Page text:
Sunday Dinner

Sunday Dinner: Lessons from my mother

CorrespondentMay 31, 2014 

In last month’s Food section, readers shared the “kitchen wisdom” they learned from their mothers in honor of Mother’s Day.

The stories recalled were very heartwarming and the advice useful. Readers told of feeling their mothers’ presence in their kitchens, doing such helpful things as revealing secret ingredients and advocating cleanliness.

As a food writer, people assume that I had similar soft-focus kitchen experiences with my mother and that, to this day, I draw deep inspiration from her sainted wisdom.

Well ... no. At least not directly.

I believe I did learn things about food and cooking from my mother, but most of it was in reverse.

Here’s what I mean, with translations.

What she said: “Oh, honey, I’m sorry. I must have forgotten to mention that.”

What I learned: Always check any recipe someone gives you, no matter how much you believe that person likes you or how reliable you think it is.

When I began cooking for myself, I asked my mother for her cornbread recipe, which I had always loved. After three or four batches suitable only for floor tile, and phone calls in which she said, “I can’t imagine what you’re doing wrong,” I was miserable.

On a visit home, I had her make the cornbread while I watched. She had neglected to say that she used self-rising cornmeal. She assumed everyone did. I’d been using regular cornmeal and didn’t know enough then to realize the recipe was missing any leavening.

What she said: “I’m not going to fry fish in here because I’ll never get the smell out of the house.”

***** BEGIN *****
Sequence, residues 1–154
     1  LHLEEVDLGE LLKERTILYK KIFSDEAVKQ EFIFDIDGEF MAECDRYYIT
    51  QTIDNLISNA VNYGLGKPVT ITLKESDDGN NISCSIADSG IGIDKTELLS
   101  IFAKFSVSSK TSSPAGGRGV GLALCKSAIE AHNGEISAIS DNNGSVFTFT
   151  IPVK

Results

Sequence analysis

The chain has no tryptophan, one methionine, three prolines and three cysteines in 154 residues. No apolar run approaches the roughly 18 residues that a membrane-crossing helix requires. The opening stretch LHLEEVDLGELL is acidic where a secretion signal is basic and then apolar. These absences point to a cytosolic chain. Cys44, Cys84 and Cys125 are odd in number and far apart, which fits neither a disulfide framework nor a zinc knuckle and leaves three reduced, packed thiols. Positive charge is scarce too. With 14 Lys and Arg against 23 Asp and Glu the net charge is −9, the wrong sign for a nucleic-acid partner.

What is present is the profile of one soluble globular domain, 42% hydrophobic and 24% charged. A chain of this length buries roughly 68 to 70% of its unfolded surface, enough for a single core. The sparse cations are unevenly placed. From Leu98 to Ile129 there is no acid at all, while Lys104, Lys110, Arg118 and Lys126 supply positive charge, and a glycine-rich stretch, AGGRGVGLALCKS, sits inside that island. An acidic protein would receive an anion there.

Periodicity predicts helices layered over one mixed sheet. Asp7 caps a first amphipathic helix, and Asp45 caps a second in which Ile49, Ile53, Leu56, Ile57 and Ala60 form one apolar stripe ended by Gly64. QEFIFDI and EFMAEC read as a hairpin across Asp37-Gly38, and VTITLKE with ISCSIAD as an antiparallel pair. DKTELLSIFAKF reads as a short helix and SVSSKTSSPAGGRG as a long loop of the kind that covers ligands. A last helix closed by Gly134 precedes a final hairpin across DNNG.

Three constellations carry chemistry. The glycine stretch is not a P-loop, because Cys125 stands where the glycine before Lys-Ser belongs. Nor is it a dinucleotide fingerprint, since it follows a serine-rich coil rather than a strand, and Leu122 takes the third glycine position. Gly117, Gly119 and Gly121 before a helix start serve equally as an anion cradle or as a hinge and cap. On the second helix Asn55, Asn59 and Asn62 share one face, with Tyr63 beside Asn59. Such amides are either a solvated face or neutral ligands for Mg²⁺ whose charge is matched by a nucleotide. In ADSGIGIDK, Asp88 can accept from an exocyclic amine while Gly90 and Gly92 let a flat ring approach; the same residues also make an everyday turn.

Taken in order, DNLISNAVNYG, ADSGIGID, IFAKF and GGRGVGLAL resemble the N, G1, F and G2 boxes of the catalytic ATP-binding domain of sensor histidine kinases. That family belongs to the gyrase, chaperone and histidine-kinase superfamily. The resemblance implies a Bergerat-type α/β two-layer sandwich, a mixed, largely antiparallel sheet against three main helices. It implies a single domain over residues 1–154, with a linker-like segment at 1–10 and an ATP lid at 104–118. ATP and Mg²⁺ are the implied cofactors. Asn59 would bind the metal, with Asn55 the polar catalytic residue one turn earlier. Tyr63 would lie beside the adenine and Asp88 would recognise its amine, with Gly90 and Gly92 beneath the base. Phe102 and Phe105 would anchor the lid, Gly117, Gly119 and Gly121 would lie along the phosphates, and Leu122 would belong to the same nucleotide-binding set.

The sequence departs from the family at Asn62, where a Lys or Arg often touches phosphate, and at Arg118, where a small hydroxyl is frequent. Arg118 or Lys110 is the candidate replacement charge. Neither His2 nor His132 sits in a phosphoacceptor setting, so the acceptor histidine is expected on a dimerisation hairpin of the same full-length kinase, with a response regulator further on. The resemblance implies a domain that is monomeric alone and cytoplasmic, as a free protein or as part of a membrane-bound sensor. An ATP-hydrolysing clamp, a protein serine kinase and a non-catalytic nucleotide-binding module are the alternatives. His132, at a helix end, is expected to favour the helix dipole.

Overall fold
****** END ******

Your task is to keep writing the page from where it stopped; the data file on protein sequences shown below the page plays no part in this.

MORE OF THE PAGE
What I learned: Something so aromatic, crispy and forbidden must be good, and I have since found that to be true of many things.

I never followed her logic about not frying fish. My mother liked fish, and on the rare occasions that we went out to dinner, she would usually order it fried. She fried chicken at home with abandon, and that was at least as messy a process.

The house didn’t have air-conditioning – the windows stayed open from June through September. And frying flounder couldn’t have smelled worse than her ever-present Salem cigarettes.

What she said: “Always keep a canned ham in the refrigerator for emergencies.”

What I learned: The only thing worse than a canned ham is an ice-cold canned ham.

What she said: (While driving on vacation.) “Look, there’s a Hardee’s, let’s stop there.”

What I learned: Avoid the tyranny of the familiar, even if it means taking a risk.

On family road trips, my mother would only eat at chain restaurants. She preferred Hardee’s because, at that time, it was North Carolina-owned (my mother, the original eat-local proponent). She really liked Shoney’s, but they were less common on the road. She would accept a McDonald’s if it was past noon and future prospects looked poor.

It didn’t matter how intriguing and non-threatening other dining options appeared – evil might lurk there.

If I questioned her judgment, she would bring up the smoked oyster pizza incident. On a rare occasion that she gave in and we stopped at a non-chain pizza place, the unexpected freedom went to my father’s head. He ordered a smoked oyster pizza, a choice that proved regrettable for about 24 hours after. But that was a small penalty for avoiding, for once, Huskee Juniors and Big Boys.

I can think of one area where I learned something valuable directly from her.

Late on June afternoons, she would hand me a dented aluminum colander and a knife, and say, “Go out there and pick some lettuce and onions.”

It meant that she was planning wilted salad for dinner.

Wilted salad, also called “killed lettuce” or “kilt lettuce,” is an old Southern tradition. After frying some bacon, which went in the salad with the leaf lettuce and onions, you pour on the hot bacon grease. This wilts, or “kills,” the greens. I think she would add a little apple cider vinegar, too.

In my father’s large vegetable garden, a couple of hours before dinner, I’d clip fresh leaf lettuce, then pull several spring onions from the sticky red clay.

I learned how good freshly picked, right-from-the-garden vegetables are, especially if they’re coated in pork products.

And I think that needs no translation.

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